In June 2005, the then-Secretary of State Condoleezza Rice told an Arab audience at the American University in Cairo that, “For 60 years, my country, the United States, pursued stability at the expense of democracy in this region — and we achieved neither.” But Rice did not elaborate to add that this same policy was and is still the main source of instability and the main reason for the absent democracy.

Her successor incumbent Hillary Clinton has on January 13 in Qatar postured as the Barak Obama Administration’s mouthpiece on Arab human rights to lecture Arab governments on the urgent need for democratic reforms, warning that otherwise they will see their countries “sinking into the sand.”

But Clinton missed to point out that her administration is still in pursuit of its predecessor’s advocacy of democracy through changing regimes in Arab and Muslim nations by means of military intervention, invasion and occupation, an endeavor that has proved a failure in Afghanistan, Iraq and the Israeli – occupied Palestinian territories, as well a policy that was and is still another source of regional instability and absence of democracy.

The Tunisian Intifada has proved that democracy and regime change can be homemade, without any U.S. intervention. Ironically any such U.S. intervention now is viewed in the region as a threat of a counterrevolution that would preempt turning the Intifada into a revolution. U.S. hands-off policy could be the only way to democracy in Tunisia.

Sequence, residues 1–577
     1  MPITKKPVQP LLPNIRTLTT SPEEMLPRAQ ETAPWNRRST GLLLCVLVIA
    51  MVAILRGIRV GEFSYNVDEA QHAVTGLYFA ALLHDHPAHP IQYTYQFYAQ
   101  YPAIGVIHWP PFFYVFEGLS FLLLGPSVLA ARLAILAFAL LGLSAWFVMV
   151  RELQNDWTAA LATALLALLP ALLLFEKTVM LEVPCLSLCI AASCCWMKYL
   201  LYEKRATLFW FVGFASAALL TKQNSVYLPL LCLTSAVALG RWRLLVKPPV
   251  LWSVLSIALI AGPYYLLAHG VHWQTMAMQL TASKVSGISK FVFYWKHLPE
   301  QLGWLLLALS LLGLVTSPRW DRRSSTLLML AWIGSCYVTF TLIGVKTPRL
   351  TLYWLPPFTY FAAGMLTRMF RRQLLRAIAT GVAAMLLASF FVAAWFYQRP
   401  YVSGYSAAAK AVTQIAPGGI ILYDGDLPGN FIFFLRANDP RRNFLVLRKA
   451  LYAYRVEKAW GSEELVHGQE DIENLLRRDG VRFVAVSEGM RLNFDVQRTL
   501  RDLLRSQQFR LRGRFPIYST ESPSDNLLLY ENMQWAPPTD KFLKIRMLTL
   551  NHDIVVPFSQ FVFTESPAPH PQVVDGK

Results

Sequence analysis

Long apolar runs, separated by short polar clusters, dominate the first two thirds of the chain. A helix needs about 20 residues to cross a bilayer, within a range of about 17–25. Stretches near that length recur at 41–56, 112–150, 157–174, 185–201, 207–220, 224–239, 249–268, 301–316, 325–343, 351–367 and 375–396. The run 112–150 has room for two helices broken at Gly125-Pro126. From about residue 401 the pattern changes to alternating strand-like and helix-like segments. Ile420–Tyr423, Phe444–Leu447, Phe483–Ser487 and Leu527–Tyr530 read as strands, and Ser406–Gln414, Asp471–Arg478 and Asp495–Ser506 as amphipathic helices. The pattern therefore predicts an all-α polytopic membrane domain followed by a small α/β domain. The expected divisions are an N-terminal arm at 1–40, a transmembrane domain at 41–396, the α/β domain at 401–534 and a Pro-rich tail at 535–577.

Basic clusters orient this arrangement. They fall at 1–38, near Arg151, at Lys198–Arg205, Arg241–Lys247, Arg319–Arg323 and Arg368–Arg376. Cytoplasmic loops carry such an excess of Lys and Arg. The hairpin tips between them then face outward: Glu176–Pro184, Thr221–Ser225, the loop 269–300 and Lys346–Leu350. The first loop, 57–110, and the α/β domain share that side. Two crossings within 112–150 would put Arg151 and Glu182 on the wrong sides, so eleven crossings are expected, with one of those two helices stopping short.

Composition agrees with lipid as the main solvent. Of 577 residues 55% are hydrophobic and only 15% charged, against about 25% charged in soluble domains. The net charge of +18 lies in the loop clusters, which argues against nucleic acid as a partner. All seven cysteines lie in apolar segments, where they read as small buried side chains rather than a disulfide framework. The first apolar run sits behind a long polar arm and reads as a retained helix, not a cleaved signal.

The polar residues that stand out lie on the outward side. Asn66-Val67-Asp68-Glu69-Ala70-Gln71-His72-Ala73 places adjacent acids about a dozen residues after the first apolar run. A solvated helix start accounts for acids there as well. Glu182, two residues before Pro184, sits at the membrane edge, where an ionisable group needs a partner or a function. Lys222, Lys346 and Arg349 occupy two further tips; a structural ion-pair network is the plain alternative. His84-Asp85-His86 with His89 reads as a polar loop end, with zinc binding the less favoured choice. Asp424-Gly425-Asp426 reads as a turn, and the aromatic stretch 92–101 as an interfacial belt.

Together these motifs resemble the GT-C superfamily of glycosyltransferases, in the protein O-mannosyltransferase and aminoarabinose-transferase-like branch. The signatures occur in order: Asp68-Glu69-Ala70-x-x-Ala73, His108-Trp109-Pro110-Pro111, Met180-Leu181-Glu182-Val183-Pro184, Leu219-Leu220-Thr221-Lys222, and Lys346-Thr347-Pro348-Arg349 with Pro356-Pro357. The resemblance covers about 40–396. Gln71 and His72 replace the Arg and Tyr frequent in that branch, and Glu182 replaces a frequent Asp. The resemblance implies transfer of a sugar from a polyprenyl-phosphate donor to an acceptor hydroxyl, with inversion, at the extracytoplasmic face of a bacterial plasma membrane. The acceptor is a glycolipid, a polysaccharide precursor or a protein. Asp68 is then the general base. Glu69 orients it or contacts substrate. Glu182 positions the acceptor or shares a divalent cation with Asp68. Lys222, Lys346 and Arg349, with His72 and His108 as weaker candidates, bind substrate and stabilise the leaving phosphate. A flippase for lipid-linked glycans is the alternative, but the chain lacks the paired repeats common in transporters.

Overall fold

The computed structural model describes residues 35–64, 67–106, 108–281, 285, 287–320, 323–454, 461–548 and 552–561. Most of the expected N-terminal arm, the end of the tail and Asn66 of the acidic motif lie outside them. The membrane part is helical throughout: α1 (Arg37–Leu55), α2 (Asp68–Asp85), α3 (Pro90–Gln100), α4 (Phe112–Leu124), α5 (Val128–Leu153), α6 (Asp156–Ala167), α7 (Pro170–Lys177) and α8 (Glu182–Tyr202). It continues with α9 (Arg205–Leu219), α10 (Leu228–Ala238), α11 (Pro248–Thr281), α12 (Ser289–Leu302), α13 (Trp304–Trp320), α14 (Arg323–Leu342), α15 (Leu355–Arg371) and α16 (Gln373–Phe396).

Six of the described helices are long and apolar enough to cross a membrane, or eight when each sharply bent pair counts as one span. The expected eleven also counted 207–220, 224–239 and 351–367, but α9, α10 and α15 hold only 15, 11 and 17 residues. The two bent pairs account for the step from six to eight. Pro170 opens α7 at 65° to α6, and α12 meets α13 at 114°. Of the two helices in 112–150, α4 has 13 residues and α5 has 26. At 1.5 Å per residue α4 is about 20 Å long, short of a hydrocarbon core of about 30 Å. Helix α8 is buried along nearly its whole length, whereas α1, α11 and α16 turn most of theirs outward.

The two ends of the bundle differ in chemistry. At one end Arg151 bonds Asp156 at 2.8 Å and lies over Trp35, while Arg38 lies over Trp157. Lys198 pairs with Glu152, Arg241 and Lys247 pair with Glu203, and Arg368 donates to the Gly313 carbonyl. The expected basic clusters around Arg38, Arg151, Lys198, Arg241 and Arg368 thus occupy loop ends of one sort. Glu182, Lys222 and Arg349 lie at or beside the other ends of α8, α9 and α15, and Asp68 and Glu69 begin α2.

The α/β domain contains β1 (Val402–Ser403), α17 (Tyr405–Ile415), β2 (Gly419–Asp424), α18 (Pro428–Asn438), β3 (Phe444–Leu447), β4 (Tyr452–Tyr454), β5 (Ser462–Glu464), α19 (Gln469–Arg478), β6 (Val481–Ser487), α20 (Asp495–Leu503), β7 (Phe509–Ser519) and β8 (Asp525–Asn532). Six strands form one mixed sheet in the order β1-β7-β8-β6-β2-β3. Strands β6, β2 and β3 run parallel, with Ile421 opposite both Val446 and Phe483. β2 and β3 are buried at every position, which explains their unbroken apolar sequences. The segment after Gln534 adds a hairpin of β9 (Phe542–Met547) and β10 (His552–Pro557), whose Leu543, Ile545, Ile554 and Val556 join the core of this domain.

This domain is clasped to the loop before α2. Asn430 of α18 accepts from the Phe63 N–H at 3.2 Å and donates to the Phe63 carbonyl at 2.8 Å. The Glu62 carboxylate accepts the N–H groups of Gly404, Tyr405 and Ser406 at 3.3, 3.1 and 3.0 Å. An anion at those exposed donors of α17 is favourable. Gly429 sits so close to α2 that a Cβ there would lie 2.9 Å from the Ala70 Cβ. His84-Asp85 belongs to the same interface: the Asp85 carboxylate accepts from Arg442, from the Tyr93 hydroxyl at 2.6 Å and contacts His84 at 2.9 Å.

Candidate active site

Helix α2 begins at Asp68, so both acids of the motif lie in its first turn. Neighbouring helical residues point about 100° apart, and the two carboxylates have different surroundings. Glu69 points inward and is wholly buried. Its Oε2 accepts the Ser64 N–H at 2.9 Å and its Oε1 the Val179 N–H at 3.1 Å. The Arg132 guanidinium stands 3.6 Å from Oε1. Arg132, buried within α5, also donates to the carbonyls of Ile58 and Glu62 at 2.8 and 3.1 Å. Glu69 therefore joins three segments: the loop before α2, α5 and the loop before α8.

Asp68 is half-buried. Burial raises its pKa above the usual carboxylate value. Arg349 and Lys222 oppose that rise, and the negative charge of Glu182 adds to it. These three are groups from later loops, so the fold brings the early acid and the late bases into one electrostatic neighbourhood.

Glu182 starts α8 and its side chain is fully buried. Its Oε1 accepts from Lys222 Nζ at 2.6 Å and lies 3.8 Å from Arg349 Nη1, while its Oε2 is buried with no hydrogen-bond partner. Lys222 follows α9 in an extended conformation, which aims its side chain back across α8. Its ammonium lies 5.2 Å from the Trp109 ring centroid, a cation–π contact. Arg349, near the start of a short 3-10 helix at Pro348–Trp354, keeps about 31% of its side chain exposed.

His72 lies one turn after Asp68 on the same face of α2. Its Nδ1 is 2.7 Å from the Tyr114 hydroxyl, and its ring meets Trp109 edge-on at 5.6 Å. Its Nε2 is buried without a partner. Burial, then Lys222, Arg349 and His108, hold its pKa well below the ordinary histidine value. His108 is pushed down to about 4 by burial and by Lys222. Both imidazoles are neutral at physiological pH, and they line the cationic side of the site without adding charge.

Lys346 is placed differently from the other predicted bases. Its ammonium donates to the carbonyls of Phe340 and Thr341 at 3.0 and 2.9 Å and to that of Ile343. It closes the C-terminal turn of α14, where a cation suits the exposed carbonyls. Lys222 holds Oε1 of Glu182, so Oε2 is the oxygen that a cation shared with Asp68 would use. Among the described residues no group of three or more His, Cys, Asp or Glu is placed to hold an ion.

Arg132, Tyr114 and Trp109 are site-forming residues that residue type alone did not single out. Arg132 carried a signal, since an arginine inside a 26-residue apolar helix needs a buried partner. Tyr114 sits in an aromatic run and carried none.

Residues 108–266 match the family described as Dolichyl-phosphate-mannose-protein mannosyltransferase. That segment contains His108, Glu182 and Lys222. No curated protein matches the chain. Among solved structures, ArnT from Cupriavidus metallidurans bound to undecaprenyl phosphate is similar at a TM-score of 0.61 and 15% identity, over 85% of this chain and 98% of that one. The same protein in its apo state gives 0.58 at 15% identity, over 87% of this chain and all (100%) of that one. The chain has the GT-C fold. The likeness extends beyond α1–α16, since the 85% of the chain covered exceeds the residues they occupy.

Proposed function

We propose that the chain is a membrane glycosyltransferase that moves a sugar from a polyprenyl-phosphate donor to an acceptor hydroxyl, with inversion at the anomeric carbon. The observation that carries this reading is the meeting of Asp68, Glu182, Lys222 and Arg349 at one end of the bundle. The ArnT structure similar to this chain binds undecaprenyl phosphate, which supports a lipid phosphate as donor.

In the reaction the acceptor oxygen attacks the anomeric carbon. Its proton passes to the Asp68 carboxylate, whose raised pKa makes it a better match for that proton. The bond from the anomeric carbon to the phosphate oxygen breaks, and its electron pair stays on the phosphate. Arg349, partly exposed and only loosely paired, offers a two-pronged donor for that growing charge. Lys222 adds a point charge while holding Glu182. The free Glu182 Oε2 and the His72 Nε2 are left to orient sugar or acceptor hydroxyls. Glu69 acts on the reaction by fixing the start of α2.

But a hands-off policy is absolutely not a trade mark of U.S. regional foreign policy. However, the United States has a choice now in Tunisia, but it is a choice that pre-requisites a U – turn both in the U.S. approach to Arab democracy and in its traditional foreign policy.

The U.S. risks to loose strategically in Tunisia unless it decides on an historic U – turn, because politically the Tunisian Intifada targeted a U.S. – supported regime and economically targeted a failed U.S. model of development. On November 13, 2007, Georgetown University Human Rights Institute and Law Center hosted a conference to answer the question, “Tunisia: A Model of Middle East Stability or an Incubator of Extremism?”

But Tunisia now has given the answer: Tunisia is neither; it is an indigenous Arab way to democracy and moderation.

Indeed the U.S. has now a choice in Tunisia. The Arab country which is leading the first Arab revolution for democracy is now a U.S. test case. Non – U.S. intervention would establish a model for other Arabs to follow; it would also establish a model U.S. policy that would over time make Arabs believe in any future U.S. rhetoric on democracy and forget all the tragic consequences of American interventions in the name of democracy. But this sounds more a wishful thinking than a realpolitik expectation.

A U.S. long standing traditional policy seems to weigh heavily on its decision makers, who are obsessed with their own creation of the “Islamist threat” as their justification for their international war on terror, which dictates their foreign policy, especially vis – a vis Arab and Muslim states, to dictate a fait accompli to their rulers to choose between either being recruited to this war or being condemned themselves as terrorists or terrorism sponsors, and in this process exclusion policies should be pursued against wide spread representative Islamic movements.